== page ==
It is hoped that the resource can act to inspire similar examples in other disciplines, repurposing the idea and demonstrating multiple applications. Already, Dr Susanne Boyle in collaboration with Glasgow Caledonian university has developed an IPE (Interprofessional Education) resource around Cochlear Implants that was recently presented at Thomas Jefferson University IPE Conference


Posted in ARinthecity, Content Development, Dissemination | Tagged , , , , , , , | 1 Comment

Leeds College of Music AR Project

Screen Shot 2014-09-02 at 10.57.16

Over the past couple of months Jisc Mimas have been involved in leading the technical development of a new Augmented Reality resource around the music production studios in Leeds College of Music working with Craig Golding and Ruth Clark. It hopes to support students  working/studying in the music studios by displaying 3D visual overlays, technical documentation and other media assets, linking them to the physical production equipment in front of them. Using iPads, students stand in front of the production desk and the Augmented Reality software tracks the 3d object before snapping different coloured content accurately over it providing the user with a way to interact with different parts, surfacing contextual material. More information about the content and student feedback will appear here in the following few weeks.

Posted in Matthew Ramirez, MimasAR, mobile research, Student Experience, User Testing | Tagged , , , , , , , | 2 Comments

Introducing the Fabulous Frogs App: Splendid and Native

What can children learn?
The development of the Fabulous Frogs App: Splendid and Native completes the second phase of the Mapping the Museum Project. Developed using Junaio this app is an interactive AR tool which is targeted at 7 – 11 years and maps to Key Stage 2 of the National Curriculum in England and to the “responsible citizens” and “successful learners” capacities of the Scottish Curriculum for Excellence: specifically the AR app helps to develop children’s capabilities to understand the environment and to use technology for learning independently. The app addresses the following learning objectives:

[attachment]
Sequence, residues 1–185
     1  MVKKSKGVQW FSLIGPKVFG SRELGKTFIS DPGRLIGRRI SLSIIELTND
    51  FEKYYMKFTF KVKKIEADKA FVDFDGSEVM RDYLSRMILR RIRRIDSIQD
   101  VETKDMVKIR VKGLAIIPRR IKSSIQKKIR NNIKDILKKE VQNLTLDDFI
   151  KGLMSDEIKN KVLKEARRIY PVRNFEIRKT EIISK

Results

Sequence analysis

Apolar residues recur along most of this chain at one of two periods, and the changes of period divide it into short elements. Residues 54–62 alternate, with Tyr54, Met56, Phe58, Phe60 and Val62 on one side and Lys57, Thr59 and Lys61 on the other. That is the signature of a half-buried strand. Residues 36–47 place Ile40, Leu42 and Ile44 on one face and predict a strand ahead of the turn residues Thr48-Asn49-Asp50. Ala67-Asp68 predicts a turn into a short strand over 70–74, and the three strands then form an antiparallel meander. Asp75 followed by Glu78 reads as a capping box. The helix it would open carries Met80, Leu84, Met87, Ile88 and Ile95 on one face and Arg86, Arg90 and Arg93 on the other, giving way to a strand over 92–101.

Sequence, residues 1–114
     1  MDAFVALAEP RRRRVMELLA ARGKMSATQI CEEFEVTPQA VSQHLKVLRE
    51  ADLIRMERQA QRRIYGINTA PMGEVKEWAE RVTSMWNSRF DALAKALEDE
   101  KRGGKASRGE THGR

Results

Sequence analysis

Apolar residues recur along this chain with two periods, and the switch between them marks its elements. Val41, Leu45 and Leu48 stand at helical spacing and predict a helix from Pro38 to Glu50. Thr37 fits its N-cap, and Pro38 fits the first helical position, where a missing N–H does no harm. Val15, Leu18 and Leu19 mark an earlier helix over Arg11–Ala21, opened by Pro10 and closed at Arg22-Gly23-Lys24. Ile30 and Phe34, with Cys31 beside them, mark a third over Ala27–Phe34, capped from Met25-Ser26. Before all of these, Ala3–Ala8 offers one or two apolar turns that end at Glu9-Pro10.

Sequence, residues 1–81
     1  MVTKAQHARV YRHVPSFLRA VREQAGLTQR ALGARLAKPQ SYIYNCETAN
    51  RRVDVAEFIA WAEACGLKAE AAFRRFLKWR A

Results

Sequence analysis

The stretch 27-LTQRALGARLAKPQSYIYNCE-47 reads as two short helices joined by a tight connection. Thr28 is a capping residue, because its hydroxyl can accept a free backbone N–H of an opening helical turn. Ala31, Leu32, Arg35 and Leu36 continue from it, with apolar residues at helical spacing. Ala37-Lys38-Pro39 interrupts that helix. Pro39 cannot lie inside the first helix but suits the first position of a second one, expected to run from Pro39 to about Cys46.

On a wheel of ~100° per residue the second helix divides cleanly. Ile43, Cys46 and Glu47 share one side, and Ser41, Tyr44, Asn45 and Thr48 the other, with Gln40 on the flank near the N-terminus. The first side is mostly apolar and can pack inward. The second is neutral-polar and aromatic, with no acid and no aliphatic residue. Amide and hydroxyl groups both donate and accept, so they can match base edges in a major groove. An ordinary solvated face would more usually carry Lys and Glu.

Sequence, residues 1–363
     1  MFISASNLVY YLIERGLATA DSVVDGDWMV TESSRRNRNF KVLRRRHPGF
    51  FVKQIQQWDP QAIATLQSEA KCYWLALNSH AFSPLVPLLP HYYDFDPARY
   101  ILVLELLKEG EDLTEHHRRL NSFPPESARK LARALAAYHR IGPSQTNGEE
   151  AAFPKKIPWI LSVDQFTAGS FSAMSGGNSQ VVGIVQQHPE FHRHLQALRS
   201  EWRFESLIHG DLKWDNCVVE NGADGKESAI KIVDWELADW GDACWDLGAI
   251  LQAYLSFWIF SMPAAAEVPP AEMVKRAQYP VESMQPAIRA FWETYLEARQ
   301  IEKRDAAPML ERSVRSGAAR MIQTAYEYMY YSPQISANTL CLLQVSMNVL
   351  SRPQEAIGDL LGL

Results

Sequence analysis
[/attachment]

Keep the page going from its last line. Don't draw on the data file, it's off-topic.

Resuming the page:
• Species Information e.g. where the Splendid Leaf Frog lives – presented with a map of its geographical extent
  • Frog anatomy – using label overlay on the trigger image
  • Frog life cycle – interactive quiz comparing between the Splendid Leaf Frog and the native Common Frog

Other fun features

Due to the successful collaboration with Manchester Museum we have been fortunate to gain access to some fantastic content to produce the app such as:

  • Sir David Attenborough’s introduction to the Splendid Leaf Frog during his visit earlier this year to Manchester Museum’s Vivarium
  • In-depth description of the Splendid Leaf Frog provided through the very popular Frog Blog
  • A high quality image of the Splendid Leaf Frog photographed by Chris Mattison (see below)

How does it work?

  • Download Junaio
  • Open Junaio and scan the QR code below
  • Hover you smart phone or iPad over the below trigger image and enjoy the interactive content
Fabulous Frogs App; Spendid and Native Trigger Image

Fabulous Frogs App; Splendid and Native Trigger Image



Fabulous Frogs App: Splendid and Native QR Code

Fabulous Frogs App: Splendid and Native QR Code







Next steps

Andrew Gray, Curator of Herpetology plans to implement the Fabulous Frogs App: Splendid and Native in the Vivarium Gallery over the summer, this will allow visitors to try out the app then and there in the gallery with their mobile phone. He will also be adding a link to the Virtual Vivarium on the Frog Blog where the Google Earth KMZ file can be downloaded so that all the Vivarium collection can be explored and viewed in the 3D globe either at home or school.

To conclude…

It has been a great experience working with Andrew and Adam Bland (Vivarium Assistant) at the museum and is an example of a very successful collaboration with Mimas in developing the Virtual Vivarium and Fabulous Frogs App. I would also like to thank Tom Hart (User Experience Developer) for all his hard work on developing the Virtual Vivarium website and interactive Frog Life Cycle quiz and to Matt Ramirez (AR Developer) for his help and advice when I have been developing the AR app.

Find out more

If you found this post interesting you might also like to read the complementary Frog Blog  post ‘Fabulous Frogs’ featuring a link to Sir David Attenborough’s Nature episode about Fabulous Frogs he encountered at the Vivarium during his visit to Manchester Museum.

Posted in Content Development, Gail Millin-Chalabi, geo-spatial, MimasAR, Museums, pedagogy | Tagged | 4 Comments